Security Dealer & Integrator

SEP 2018

Find news and information for the executive corporate security director, CSO, facility manager and assets protection manager on issues of policy, products, incidents, risk management, threat assessments and preparedness.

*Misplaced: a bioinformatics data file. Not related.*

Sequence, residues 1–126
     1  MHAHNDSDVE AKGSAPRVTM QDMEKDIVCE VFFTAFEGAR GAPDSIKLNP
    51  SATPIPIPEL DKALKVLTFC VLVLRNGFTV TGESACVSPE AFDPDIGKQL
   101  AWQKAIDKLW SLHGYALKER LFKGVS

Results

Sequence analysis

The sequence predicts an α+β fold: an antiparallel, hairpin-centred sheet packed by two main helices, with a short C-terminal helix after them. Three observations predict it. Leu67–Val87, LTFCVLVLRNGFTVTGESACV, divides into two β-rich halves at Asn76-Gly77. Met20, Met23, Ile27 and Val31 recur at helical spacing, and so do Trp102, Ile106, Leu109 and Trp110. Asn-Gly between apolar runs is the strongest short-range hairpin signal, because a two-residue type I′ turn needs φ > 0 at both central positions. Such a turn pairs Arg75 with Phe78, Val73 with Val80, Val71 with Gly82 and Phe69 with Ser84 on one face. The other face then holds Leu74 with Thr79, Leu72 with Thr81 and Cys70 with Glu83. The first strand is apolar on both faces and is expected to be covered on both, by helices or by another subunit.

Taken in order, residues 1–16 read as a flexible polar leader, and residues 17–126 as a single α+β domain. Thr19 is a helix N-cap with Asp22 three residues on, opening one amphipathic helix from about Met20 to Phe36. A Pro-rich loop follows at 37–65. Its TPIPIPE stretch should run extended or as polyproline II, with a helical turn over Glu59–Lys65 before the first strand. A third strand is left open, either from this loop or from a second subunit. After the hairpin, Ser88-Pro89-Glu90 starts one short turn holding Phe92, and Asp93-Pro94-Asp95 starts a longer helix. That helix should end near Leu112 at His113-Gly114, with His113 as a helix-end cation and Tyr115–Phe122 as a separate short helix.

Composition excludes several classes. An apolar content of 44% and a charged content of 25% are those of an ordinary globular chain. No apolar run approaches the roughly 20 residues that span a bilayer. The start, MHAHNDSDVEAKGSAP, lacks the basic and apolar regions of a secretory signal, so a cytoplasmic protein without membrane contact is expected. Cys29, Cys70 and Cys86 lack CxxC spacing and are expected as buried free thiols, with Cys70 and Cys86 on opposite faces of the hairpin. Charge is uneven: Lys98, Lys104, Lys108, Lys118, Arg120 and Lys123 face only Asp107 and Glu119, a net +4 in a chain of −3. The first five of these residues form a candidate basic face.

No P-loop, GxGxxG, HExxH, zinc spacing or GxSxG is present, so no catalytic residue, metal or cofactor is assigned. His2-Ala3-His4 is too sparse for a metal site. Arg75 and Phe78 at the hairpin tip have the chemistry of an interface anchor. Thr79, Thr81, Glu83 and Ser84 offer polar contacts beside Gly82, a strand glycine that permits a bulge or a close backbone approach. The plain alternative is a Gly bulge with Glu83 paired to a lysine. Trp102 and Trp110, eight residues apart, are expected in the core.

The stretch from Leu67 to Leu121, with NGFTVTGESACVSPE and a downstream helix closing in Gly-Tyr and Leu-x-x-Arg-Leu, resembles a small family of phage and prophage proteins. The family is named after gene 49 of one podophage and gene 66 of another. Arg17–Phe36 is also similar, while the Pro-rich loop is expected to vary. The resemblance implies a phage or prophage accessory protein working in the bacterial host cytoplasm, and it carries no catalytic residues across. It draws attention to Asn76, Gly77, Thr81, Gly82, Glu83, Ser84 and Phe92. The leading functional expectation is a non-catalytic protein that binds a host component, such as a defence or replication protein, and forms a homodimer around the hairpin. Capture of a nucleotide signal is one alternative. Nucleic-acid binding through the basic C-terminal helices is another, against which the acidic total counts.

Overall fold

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28 Security Dealer & Integrator / www.SecurityInfoWatch.com September 2018 Mobile apps also considerably extend the security system user base. e contrast in lifecycle cost between cloud and on-premises sys- tems is very easily shown in a graph like Figure 1 (le), which shows a cloud TCO savings of 15 to 20 percent. In TCO cost comparisons that I have personally performed for clients, the cloud TCO savings can range between 10 and 40 percent – not including the costs of hot redundancy for process- ing, data and video storage, mobile device wide-area support and cyber- security costs, which of course are not part of the on-premises deployment. Any cloud vs. on-premises cost comparisons for decision-makers must include these important aspects that otherwise would not usually be part of the stakeholder thinking (except per- haps for IT stakeholders). Cost comparisons for security sys- tems whose servers reside in corpo- rate data centers must account for IT cost allocations, which for a server are typically 80 percent or more of the life- cycle costs. For the data center storage refresh cycle, the cost to decommission the upgraded storage must be consid- ered, which includes wiping the hard drives of sensitive data. Access control and video surveil- lance data contains protected personal information – particularly applicable under GDPR. is decommissioning cost factor is real but oen omitted in cloud solution TCO cost comparisons, as are some other cost factors. Security System TCO Cost Factors ere are eight security system TCO factors for an enterprise deployment where the IT department is hosting the servers in a corporate data center – as illustrated in Figure 2 (page 30), furnished by the Security Industry Association (SIA). e color legend in the donut graph shows the oen-found relative cost of corporate video system deployments. tain the integrity of video surveillance and store traffic video analytics. Remote access to video and to store analytics data is also important. e expense of hot redundancy for on-premises servers and video storage systems typically makes them cost-prohibitive; however, they are built into true cloud-based systems, as is secure wide-area and global remote access with multi-factor authentica- tion. e strong cybersecurity features of cloud deployments are typically not applied to on-premises systems – primarily for cost reasons. Cloud vs. On-Premises TCO With fully on-premises systems, there are typically two CapEx investment bumps – the initial investment, and the hardware refresh around the fourth year for hard drive replacement and computer processing power and mem- ory upgrades. e computer upgrades are typically desired for support of expanded soware functionality and increased application usage. ese days, mobile device usage continues to grow, with visitor man- agement systems and personnel safety applications being prime examples. Here are several key factors that should be under consideration: • Hot redundancy for system uptime (for video viewing and recording; alarm monitoring and response; and real-time server-based functionality – such as analytics, real-time access pol- icy enforcement, etc.); • Remote operator and responder access (access to data and control func- tions for security personnel on the ground); and • Redundancy for data storage (especially important for compliance with corporate and regulatory video retention requirements, integrity of investigations and historical analytics). e importance of any one factor will vary depending on the end-cus- tomer's type of business and the size and extent of business operations. For example, real-time hot redun- dancy for system processing and data storage elements is drastically different between on-premises and cloud-based systems. For a multi-site retail busi- ness, these factors are vital, because the video system requirements typ- ically include high video resolution and frame rate, 30-day or longer video retention, and high up-time to main- Figure 1: Example of a five-year TCO lifecycle comparison of cloud-based vs. on-premises systems. Your Business

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